Hummingbird conflict (photo: Mark Seth Lender)
Many varieties of hummingbirds gather to feed in Arizona's Madera Canyon. Writer Mark Seth Lender found they tolerated his presence - but were intolerant of other hummingbirds.
CURWOOD: Madera Canyon, Arizona is a famous spot to see a great variety of hummingbirds - if you know where to look. Guided by local expert Bill Forbes, Mark Seth Lender found the elusive hummers and discovered the birds were remarkably tolerant of humans and remarkably intolerant of each other.
LENDER: Like a bee with a buzz with a twist like a top with a sweep with a lunge with a LOUD then stops, right there: Hovering; (Covering); Defending a ground that is Flower that is Food that is Air.
His beak is a lance, his wings are a shout: Beware! Of me! Hummingbird!
All of an ounce of anger charges, headlong - chases everyone away. Even the females of his kind. Sometimes, in a rage he will drive her down to the dust and leave her spent, and fluttering. Aerodynamics sets the only limit. His right has no respite, has no bounds. Darts and dives and chitters. Intolerance is his nature; his nature, in a crowd? Never calm.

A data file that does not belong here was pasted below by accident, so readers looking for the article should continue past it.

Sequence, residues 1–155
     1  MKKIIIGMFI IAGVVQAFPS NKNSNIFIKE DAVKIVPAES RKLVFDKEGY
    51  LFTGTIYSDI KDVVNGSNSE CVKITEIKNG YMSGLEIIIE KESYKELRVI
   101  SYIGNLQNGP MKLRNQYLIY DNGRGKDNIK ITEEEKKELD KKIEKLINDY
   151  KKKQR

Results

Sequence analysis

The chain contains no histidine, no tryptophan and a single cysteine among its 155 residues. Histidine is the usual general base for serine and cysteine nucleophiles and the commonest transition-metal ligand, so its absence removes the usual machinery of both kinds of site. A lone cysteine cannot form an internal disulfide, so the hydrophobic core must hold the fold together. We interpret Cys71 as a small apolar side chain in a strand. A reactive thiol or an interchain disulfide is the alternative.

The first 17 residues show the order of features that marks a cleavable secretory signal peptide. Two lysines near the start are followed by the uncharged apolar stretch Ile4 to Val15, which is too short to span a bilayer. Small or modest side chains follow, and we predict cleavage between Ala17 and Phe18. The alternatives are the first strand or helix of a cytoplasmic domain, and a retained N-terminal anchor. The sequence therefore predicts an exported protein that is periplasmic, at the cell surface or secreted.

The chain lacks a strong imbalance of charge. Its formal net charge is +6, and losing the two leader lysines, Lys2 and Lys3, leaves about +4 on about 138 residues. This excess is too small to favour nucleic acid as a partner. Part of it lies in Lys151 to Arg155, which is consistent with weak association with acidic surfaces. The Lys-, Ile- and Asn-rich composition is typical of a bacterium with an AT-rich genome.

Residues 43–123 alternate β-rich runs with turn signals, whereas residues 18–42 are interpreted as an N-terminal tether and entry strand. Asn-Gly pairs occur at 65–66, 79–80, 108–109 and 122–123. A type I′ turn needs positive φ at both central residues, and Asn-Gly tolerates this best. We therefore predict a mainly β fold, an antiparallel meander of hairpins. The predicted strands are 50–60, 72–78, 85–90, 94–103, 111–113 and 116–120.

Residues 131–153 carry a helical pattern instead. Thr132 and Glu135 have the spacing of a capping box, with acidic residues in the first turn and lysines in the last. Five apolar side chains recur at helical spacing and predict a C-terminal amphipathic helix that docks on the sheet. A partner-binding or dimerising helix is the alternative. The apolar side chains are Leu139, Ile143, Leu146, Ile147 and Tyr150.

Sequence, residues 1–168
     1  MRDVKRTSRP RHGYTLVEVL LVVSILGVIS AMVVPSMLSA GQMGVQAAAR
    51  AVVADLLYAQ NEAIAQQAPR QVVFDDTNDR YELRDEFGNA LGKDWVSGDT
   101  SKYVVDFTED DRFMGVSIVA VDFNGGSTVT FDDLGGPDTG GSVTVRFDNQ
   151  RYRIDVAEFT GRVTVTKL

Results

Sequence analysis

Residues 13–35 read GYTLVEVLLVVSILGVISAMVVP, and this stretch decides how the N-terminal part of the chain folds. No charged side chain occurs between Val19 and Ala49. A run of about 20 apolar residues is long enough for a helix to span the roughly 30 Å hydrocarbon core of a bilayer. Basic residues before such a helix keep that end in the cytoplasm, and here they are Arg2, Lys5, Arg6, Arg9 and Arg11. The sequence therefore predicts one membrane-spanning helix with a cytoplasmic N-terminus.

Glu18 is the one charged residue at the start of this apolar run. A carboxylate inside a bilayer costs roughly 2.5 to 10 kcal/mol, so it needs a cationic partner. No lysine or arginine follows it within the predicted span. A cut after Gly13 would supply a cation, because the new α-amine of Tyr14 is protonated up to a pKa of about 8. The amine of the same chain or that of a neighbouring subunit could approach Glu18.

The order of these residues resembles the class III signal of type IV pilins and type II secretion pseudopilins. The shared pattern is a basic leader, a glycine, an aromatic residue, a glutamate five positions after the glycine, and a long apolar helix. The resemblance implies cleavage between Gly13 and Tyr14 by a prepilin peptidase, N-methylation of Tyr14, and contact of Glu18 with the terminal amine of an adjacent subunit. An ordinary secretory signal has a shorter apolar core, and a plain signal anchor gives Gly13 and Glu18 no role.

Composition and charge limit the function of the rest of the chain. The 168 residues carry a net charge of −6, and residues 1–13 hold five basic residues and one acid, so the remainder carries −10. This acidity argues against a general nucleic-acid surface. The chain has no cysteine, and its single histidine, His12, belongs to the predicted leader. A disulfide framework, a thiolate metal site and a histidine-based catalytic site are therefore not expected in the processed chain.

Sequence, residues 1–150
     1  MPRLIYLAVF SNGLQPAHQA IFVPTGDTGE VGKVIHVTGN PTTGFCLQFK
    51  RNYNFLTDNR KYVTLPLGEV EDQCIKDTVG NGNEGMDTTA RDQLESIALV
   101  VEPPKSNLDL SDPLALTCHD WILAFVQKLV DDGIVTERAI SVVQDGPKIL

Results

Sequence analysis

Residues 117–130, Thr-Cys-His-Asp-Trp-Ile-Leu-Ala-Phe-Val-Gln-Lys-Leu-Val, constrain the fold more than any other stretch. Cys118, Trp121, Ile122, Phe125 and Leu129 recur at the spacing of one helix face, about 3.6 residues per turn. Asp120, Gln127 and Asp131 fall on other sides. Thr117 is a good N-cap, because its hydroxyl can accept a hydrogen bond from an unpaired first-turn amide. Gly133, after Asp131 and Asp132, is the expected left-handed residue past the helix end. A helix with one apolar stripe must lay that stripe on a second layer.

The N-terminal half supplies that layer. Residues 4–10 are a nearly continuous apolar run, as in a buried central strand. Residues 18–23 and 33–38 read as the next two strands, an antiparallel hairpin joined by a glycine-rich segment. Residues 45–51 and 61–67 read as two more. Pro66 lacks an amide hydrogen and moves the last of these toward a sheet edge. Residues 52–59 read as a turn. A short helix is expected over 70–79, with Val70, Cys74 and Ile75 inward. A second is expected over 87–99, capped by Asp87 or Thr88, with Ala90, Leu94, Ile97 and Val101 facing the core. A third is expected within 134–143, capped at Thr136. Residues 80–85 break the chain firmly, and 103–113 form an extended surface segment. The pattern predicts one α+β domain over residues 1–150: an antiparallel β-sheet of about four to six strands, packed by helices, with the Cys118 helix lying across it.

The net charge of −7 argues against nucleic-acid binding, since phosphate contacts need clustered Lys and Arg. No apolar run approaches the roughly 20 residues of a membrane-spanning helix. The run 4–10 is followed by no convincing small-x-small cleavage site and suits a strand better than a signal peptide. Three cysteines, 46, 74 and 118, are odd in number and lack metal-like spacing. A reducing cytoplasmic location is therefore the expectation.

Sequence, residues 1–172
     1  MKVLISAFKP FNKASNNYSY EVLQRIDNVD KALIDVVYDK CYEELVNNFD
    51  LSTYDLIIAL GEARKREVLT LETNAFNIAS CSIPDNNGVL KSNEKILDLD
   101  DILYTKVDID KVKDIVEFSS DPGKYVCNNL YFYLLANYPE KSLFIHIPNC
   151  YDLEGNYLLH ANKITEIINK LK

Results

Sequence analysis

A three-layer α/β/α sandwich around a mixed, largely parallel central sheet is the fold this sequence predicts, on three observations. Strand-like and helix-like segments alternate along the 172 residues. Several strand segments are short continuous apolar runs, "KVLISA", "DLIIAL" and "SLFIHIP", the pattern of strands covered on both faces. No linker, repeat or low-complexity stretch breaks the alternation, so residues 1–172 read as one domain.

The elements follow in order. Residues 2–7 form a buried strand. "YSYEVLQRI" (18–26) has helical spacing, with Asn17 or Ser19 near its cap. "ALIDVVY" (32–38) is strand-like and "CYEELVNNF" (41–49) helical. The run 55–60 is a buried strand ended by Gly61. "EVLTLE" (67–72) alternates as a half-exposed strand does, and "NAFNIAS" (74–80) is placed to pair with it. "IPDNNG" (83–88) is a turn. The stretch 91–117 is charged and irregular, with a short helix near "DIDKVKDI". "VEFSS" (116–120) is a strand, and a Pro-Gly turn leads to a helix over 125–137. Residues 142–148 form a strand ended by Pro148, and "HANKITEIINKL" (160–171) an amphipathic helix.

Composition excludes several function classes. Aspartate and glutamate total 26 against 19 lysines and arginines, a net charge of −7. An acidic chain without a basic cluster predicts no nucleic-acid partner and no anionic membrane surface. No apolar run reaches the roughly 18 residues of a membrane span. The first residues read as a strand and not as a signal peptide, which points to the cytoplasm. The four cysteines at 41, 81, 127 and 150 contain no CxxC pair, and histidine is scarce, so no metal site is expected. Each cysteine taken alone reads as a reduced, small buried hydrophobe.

Herons and Egrets with great piercing bills; falcons with talons that crush; the terrible saw-toothed beaks of sea birds; the raking feet and spurs of the great birds of the ground – all of them strive against their own but almost always at a distance. They pretend. Noh drama of no-touch. Balinese shadow-play. And when the curtain falls? All grievances are over, and done with.
For Hummingbird, the size of a leaf, the density of a folded pocket-handkerchief the stage is a World and the World is War. Black-chin puffs up the tiny feathers that give him his name into electric purple defiance. Broad-bill, all sapphire and emerald brilliant (even his body glares). Broad-tail, so fierce, brings up the rear - 3grams, no fear.
Only Magnificent Hummingbird ignores the worrying by all these others - by weight, and size, and the rumbling spread of his wings. His starlight-turquoise throat glittering in the leafy morning light; he alone owns peace.
So there it is: size matters. I am reminded of that barroom adage (a barroom adage on the wing): Big guy knock you down, but little guy will cut you!
[MUSIC: Carlos Enrique “Hummingbird” from Impressions (Carlos Enrique Music 2008)]
CURWOOD: And using a Phototrap, a special triggering device made by Bill Forbes, Mark was able to capture some extraordinary photos of hummingbirds.
To see them, and find out how you can get one for your own wall at home, buzz over to our website, LOE.org.
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Contribute to Living on Earth and receive, as our gift to you, an archival print of one of Mark Seth Lender's extraordinary hummingbird photographs. Follow the link to see Mark's current collection of photographs.